By Richard Miranda, 2021 Chairman of the Houston Association of REALTORS®
The Houston housing market is about to set new sales records as the books close on 2021. If you had asked me a year ago if that was even remotely possible, I might have called you delusional. No one imagined 2020 being a record year in the midst of a pandemic, and yet it was. As the Delta variant reared its ugly head in 2021, expectations grew bleak for the housing market and the economy as a whole, with serious supply chain interruptions and labor strains. And yet demand for housing across the greater Houston area persisted on both the rental and ownership sides. That, despite the most constrained supply of homes in history.
We have observed some noteworthy events in Houston housing in 2021. In June, single-family home prices reached record highs. The average price climbed to $393,314 while the median price jumped to $314,000. That same month, total sales volume reached 13,097 units, beating the previous record of 12,865 achieved in July of 2020. In addition, the June ‘Close to Original List Price Ratio’ for single-family homes was the highest ever — 100.3% — with a majority of buyers paying above list price for homes on the market. In July, it was 100.2%. Never before has our region experienced this kind of intense high-dollar buying. But with mortgage rates holding at historic lows, home buyers were determined to outbid others to get into the homes of their dreams.
Based on input from many of the Houston Association of REALTORS®’ (HAR’s) 47,000 members, our Multiple Listing Service (MLS) recently redefined Houston’s luxury housing market as consisting of homes priced from $1 million and above. It had previously consisted of homes priced at $750,000 and up. The consensus was that this revised pricing breakout was a more accurate reflection of the local housing segments.
As I have stated before, the Houston real estate market is in uncharted territory and has been since the coronavirus pandemic began. In the early going, most of us feared the worst. As the full scope of the health crisis became apparent, HAR leadership reached out to elected officials across the region to ensure that real estate was designated an essential service. That was a critical step toward allowing Realtors to serve consumers in desperate need of housing.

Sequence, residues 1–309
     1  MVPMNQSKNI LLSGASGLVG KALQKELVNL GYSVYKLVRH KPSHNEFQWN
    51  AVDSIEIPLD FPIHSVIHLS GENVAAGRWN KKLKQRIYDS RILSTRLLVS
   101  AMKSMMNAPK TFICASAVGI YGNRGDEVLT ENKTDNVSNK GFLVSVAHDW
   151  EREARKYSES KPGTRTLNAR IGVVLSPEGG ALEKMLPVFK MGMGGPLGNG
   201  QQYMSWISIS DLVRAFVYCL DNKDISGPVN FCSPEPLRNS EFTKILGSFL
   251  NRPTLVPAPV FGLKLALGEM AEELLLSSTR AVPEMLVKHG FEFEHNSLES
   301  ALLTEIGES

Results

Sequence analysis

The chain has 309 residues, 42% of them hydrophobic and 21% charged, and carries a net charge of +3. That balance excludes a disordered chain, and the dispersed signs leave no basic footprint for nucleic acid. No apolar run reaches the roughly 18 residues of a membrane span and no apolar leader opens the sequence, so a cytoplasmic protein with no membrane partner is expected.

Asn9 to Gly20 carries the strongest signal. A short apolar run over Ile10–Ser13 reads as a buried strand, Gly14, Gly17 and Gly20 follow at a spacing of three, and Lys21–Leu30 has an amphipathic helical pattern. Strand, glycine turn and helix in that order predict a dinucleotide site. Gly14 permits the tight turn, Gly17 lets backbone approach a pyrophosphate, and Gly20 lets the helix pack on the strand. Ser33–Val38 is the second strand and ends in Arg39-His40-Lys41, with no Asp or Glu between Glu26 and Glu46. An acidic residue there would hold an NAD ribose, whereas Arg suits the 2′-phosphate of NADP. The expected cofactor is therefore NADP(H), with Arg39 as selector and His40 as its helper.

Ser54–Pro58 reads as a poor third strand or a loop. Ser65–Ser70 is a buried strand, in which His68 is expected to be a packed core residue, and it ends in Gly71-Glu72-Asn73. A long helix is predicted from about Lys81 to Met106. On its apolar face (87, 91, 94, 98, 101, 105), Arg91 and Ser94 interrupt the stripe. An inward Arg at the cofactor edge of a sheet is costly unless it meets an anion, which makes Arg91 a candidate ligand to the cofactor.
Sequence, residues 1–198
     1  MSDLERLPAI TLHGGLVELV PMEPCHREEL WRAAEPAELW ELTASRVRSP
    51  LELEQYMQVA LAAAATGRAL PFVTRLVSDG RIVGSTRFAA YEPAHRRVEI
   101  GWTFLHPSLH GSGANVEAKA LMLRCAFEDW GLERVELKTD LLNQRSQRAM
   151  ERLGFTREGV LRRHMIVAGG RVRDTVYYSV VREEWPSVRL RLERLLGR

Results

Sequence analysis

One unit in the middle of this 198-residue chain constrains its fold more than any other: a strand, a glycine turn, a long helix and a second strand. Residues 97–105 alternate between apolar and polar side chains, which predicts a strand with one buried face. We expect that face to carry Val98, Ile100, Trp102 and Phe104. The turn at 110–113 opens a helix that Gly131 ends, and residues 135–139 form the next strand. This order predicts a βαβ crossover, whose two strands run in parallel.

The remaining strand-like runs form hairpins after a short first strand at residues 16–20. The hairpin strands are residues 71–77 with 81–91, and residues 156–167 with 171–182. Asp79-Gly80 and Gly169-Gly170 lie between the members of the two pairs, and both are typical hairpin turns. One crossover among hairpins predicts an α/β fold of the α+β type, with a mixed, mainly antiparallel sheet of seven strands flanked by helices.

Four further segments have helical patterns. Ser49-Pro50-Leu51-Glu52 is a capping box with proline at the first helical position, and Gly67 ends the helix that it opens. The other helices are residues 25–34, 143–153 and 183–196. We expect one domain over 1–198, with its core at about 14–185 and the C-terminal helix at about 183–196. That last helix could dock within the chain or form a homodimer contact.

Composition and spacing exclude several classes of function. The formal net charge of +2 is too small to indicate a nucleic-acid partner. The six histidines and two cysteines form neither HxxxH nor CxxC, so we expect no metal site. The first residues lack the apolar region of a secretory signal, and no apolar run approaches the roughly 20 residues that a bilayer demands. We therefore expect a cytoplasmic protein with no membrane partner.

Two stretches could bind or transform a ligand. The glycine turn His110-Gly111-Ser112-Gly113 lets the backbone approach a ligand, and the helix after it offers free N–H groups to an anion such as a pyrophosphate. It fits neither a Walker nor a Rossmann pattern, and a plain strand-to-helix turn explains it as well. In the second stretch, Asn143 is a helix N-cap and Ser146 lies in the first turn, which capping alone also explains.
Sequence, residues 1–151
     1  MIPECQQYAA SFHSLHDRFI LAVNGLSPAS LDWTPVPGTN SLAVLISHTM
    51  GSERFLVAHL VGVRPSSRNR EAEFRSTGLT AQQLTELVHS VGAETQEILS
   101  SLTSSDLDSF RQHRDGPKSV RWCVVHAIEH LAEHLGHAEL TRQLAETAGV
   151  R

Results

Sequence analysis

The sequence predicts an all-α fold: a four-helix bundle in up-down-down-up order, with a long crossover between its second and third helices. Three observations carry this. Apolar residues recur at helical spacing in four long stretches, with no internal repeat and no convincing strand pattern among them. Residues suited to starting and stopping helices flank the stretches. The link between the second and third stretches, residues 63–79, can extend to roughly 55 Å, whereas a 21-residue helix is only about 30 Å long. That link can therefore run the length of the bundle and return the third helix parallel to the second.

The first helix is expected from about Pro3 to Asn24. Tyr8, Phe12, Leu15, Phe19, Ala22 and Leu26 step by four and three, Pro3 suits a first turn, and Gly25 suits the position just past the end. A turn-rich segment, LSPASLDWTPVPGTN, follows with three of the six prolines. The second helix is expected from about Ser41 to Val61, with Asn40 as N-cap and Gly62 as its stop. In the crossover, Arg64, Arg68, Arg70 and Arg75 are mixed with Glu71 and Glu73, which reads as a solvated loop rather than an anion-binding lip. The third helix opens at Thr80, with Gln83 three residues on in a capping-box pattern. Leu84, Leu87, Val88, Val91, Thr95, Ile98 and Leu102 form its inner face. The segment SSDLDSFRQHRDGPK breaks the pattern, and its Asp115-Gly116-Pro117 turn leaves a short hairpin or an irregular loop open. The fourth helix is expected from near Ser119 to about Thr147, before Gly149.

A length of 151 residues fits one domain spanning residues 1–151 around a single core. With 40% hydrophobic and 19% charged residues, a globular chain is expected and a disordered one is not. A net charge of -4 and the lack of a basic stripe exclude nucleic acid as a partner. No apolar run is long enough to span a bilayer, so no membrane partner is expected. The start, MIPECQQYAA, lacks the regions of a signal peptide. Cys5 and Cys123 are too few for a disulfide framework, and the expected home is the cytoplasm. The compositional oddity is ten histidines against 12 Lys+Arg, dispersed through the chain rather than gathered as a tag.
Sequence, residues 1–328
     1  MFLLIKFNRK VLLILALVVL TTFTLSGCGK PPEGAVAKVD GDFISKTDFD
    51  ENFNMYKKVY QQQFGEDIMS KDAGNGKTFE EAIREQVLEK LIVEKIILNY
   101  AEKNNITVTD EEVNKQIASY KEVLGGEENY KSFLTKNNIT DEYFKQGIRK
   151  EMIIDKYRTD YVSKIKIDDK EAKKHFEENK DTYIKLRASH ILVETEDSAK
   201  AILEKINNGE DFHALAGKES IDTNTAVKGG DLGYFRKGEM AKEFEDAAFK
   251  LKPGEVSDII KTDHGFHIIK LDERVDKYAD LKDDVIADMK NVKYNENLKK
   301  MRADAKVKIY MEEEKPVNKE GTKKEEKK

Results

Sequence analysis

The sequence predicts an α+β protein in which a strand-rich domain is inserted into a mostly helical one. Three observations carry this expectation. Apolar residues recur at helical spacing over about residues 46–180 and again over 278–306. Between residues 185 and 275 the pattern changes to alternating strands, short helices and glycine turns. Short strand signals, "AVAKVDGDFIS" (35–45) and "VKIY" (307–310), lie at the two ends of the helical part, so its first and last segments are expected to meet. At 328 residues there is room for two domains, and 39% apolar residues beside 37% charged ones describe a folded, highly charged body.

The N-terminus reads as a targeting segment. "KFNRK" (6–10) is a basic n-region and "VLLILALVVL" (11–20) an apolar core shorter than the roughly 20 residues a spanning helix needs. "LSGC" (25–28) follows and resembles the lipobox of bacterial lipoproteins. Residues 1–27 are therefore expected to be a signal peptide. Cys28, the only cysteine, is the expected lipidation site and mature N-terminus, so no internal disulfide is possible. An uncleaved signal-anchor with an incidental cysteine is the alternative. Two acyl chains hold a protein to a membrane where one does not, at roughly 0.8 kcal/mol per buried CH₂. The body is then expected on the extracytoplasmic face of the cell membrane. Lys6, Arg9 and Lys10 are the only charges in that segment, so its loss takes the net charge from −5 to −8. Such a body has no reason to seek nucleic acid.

The HAR Technology team — the group behind the popular HAR.com website and app — also worked quickly and diligently to roll out virtual open houses and virtual showings, which were vital during stay-at-home orders and after they were lifted when many consumers were concerned about not being able to safely attend in-person open houses and showings.
The innovations, however, did not stop there. This November, HAR introduced a new service called ShowingSmart, an enhanced tool to streamline scheduling and management of property showings whether agents are in the office, on the road or at home. ShowingSmart is designed to improve business workflow for both listing agents and buyers’ agents to manage showings on listings, schedule appointments, gather feedback and present showing information to clients.
As with other tools and services that HAR has taken to market over the years, we expect other Realtor associations and MLSs around the country to emulate us with enhanced services to their own members and clients. I am incredibly proud of these achievements and all the work that HAR does throughout any given year to promote the real estate industry and develop new innovations for consumers and real estate professionals alike.
Without the benefit of a crystal ball, it is hard to predict where housing is headed in 2022. We still need more homes to enter the market because, without inventory, there can and will be no sales. Housing inventory has been improving as 2021 draws to a close, but it will take a major influx of property listings to get us where we should be if we want to restore a more balanced market. We are currently at a 1.8-months supply of homes. Once upon a time, a 6.0-months supply was considered balanced. Most of my colleagues and I would be elated if we could work our way back up to a 3.0-months supply.
We also need to make sure the homes that are on the market are affordable to all consumers — whether they are buying their first home or their fifth. That has been especially challenging in the home construction arena, which saw prices spike as a result of supply and labor shortages that appear to finally be abating.
I believe that if Houstonians can withstand the rigors of a global pandemic, we can probably survive anything! That has everything to do with the dedication and commitment of all of us that make our living in real estate to promote homeownership and home leasing along with our love for the greater Houston area that we call home. I fundamentally have a positive feeling about what lies ahead for us in 2022.